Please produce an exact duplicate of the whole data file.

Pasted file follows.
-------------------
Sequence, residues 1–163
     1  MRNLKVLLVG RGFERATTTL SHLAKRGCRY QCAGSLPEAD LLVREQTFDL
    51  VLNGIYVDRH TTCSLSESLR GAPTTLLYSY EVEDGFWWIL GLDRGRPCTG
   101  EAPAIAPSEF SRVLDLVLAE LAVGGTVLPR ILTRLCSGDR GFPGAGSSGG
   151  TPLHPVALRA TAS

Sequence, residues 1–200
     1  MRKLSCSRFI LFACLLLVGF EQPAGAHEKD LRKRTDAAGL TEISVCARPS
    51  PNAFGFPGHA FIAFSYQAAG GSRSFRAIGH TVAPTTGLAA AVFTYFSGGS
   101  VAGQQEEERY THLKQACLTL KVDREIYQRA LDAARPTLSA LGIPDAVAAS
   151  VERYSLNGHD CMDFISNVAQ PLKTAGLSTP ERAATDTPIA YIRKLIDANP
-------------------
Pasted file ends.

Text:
Sequence, residues 1–163
     1  MRNLKVLLVG RGFERATTTL SHLAKRGCRY QCAGSLPEAD LLVREQTFDL
    51  VLNGIYVDRH TTCSLSESLR GAPTTLLYSY EVEDGFWWIL GLDRGRPCTG
   101  EAPAIAPSEF SRVLDLVLAE LAVGGTVLPR ILTRLCSGDR GFPGAGSSGG
   151  TPLHPVALRA TAS

Sequence, residues 1–200
     1  MRKLSCSRFI LFACLLLVGF EQPAGAHEKD LRKRTDAAGL TEISVCARPS
    51  PNAFGFPGHA FIAFSYQAAG GSRSFRAIGH TVAPTTGLAA AVFTYFSGGS
   101  VAGQQEEERY THLKQACLTL KVDREIYQRA LDAARPTLSA LGIPDAVAAS
   151  VERYSLNGHD CMDFISNVAQ PLKTAGLSTP ERAATDTPIA YIRKLIDANP